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bad bowing technique...

Discussion in 'Jazz Technique [DB]' started by superbassman2000, Feb 20, 2006.


  1. hello folks in the DB section!

    this is my first post in the DB section, so please, be easy on me!

    anyways, i really want to join my university's jazz band, so in preparation, i am taking DB lessons. anyways, on to my question, my teacher is having me start with the bow, and i don't know what i am doing wrong, but my thumb really hurts after about ten minutes of bowing...is this normal or am i doing something wrong?
    also, i am having a heck of a time trying to bow without pushing the bow down hard on the strings...does anybody have any bowing tips?
     
  2. Back when I first started playing bass my thumb always hurt. What I learned back then is to loosed up your grip. Ask some one one knows how to play near you (a teacher) to show you what your doing wrong since we can't see you. And, another factor could be muscle memory. Your not used to it and your struggling to hold it causing you to over grip it. By the way are you using a French or German bow?
     
  3. Kam

    Kam

    Feb 12, 2006
    Minneapolis, MN
    Try to use the weight of your bowing arm rather than muscle. Try this: Stand at the bass with your bow in hand. Hold the bow with just enough strength to keep if from falling out of your hand. Raise your bow arm until it is in front of you, just above eye level. Feel gravity pulling your arm down and let it fall until the bow rests on the string. Keep that weight on the string and move the bow across the string. If you did it right you should have produced a good, solid tone, without using power other than the weight of your arm and the minimal effort required to hold onto the bow.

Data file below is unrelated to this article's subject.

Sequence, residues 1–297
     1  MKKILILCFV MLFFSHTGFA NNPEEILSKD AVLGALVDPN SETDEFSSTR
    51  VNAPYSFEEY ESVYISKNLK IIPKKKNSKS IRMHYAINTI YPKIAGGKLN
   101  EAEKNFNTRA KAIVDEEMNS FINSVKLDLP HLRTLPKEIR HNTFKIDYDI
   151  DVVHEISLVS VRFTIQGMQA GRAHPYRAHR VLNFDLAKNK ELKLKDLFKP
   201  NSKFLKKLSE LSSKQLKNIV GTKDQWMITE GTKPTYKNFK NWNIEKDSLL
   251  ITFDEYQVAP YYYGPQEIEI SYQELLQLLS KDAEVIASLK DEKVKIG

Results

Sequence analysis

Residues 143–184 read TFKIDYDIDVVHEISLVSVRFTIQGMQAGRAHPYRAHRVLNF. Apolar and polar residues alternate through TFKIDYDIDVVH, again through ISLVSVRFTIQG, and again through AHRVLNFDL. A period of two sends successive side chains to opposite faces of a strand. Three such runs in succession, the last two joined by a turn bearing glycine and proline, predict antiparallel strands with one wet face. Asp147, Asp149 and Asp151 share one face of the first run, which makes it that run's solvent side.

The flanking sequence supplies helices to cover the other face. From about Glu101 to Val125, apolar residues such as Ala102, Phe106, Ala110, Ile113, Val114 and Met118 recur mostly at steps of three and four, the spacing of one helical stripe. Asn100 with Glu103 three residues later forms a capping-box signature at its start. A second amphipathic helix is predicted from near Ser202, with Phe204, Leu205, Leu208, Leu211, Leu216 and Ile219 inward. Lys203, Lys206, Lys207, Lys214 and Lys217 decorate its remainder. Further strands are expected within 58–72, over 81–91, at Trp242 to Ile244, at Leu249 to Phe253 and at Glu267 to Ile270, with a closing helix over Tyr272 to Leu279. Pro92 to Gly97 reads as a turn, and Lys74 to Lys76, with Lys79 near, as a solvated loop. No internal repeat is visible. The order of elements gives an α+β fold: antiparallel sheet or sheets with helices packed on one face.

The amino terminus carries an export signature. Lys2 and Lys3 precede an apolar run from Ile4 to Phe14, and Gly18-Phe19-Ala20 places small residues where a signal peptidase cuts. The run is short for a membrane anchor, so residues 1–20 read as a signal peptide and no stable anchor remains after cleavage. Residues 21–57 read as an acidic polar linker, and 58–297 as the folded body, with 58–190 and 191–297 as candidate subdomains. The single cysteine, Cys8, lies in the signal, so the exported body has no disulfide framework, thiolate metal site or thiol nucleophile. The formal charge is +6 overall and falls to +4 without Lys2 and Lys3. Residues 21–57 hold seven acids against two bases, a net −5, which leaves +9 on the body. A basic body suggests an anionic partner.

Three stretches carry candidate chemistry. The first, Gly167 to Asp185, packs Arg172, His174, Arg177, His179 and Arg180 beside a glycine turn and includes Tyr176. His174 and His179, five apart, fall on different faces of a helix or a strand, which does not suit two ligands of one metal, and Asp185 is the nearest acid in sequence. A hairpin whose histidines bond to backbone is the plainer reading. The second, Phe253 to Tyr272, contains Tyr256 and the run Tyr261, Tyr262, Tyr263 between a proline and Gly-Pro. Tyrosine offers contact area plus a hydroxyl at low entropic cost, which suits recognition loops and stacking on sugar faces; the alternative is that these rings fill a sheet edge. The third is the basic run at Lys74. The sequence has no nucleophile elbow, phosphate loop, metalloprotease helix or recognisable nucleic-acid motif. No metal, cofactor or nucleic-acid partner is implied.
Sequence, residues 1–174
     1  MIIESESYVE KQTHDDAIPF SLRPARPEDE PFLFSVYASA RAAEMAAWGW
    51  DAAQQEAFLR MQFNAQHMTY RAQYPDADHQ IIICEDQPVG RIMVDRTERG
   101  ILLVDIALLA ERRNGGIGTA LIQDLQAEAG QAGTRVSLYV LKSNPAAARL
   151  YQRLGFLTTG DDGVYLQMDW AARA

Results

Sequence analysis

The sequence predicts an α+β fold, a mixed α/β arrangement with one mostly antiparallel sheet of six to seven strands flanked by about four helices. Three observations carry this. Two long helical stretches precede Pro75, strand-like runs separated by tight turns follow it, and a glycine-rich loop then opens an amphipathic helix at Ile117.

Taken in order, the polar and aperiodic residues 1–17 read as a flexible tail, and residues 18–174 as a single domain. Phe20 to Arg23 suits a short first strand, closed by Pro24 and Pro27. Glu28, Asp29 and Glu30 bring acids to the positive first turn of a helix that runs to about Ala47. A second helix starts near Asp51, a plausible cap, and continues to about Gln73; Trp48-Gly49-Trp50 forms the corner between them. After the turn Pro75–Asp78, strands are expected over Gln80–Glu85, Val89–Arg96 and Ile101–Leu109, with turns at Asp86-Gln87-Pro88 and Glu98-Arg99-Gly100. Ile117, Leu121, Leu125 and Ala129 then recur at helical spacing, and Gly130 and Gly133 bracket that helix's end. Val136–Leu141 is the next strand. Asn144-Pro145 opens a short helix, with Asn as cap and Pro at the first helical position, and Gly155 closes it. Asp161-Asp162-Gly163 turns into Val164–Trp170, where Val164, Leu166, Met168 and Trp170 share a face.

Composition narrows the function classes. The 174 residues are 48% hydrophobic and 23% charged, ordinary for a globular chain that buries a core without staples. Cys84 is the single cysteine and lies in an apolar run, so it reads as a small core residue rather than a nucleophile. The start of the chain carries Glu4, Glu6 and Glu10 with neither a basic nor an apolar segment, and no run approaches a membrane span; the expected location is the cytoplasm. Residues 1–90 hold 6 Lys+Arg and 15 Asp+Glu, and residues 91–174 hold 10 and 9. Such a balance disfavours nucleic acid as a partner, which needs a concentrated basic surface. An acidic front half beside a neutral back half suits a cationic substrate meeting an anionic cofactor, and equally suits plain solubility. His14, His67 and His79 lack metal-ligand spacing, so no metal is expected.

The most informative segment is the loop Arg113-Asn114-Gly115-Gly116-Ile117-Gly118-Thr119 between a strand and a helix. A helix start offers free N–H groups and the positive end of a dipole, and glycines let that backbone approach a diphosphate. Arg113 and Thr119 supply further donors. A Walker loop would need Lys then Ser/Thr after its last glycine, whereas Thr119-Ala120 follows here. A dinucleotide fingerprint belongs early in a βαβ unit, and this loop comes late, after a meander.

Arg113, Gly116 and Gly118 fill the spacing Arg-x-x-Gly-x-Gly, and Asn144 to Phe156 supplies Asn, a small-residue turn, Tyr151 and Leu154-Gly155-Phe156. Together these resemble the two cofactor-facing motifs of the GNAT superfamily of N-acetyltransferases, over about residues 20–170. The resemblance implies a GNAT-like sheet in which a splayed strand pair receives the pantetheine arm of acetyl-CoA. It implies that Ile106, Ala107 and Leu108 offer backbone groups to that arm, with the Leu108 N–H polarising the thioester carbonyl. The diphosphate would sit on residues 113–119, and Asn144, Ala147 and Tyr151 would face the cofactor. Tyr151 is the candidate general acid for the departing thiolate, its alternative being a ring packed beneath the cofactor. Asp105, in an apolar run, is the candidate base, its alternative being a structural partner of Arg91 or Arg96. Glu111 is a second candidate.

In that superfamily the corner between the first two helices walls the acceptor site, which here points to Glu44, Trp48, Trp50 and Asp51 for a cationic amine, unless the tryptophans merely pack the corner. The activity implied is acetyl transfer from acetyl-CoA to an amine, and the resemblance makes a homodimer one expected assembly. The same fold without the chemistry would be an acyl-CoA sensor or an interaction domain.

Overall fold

As far as the thumb hurting, what kind of pain is it? Does it feel like you're going to have a blister? I think that is fairly normal, and you will build a caulas (sp?). Anything like sharp pain is a bad thing, and it is most likely a result of having a death grip on the bow.

    I'm sure there's probably tons of other good tips if you do a search or check out the newbie stickies, good luck!

    *edit* Also, practice playing only open strings, long bow strokes, trying to get the same volume and tone from each string. You'll notice that the G string requires less weight and more speed, whereas the E requires more weight and less speed.
     
  4. anonymous0726

    anonymous0726 Guest

    Nov 4, 2001
  5. jallenbass

    jallenbass Supporting Member Commercial User

    May 17, 2005
    Bend, Oregon
    Use a sticky rosin like Carlsson or Nymans
    Stay near the frog
    Bow closer to the fingerboard
    Let the weight of the bow sit on the string
    These will help you to learn to relax your bow grip regardless of whether you play German or French.
     
  6. Since you didn't mention what kind of bow you're using, it's difficult to adress the problem completely. My advice is just to relax your hand when you play. Also, don't keep the bow hair too loose or too tight. And you may be interrested in some extremely sticky rosin; Pops will help you get a strong sound with minimal pressure. And if you're experiencing pain of any sort, talk to your teacher about it, and find out how it can be remedied.
     
  7. sorry guys, i am using a french bow...actually Kam, you're trick is the same one that my instructor told me to do!
    anyways, i think my problem is that i keep a tight grip on the bow, because the way that my teacher tells me to hold (which is the correct way, the same as you guys say) the bow, it always feels like it is going to fall out of my hand!
    it sounds like it is because i am just a beginner at bowing, and i will get used to it...is that right?
     
  8. anonymous0726

    anonymous0726 Guest

    Nov 4, 2001
    Just keep working on it, knowing that it's easy once you figure out how to do it. Practice in front of a mirror, do your long tones, short tones, articulations, etc.

    Another thing that is good to do, if you have access, is to check out as many bass players as possible. See who does what, seems comfortable and otherwise, who gets what sort of sound, seems nimble or powerful, etc.

    Also, when you're not playing, fantasize in your mind what it must feel like to have it together. What it must stound like, feel like, etc. Make it your first thought/wish in the morning and the last at night. THis may sound funny -- but it works!
     
  9. You may also want to check out Rabbath's Video,
    "The Art of the Bow" It's a good look at the mechanics of bowing, and hand and arm technique.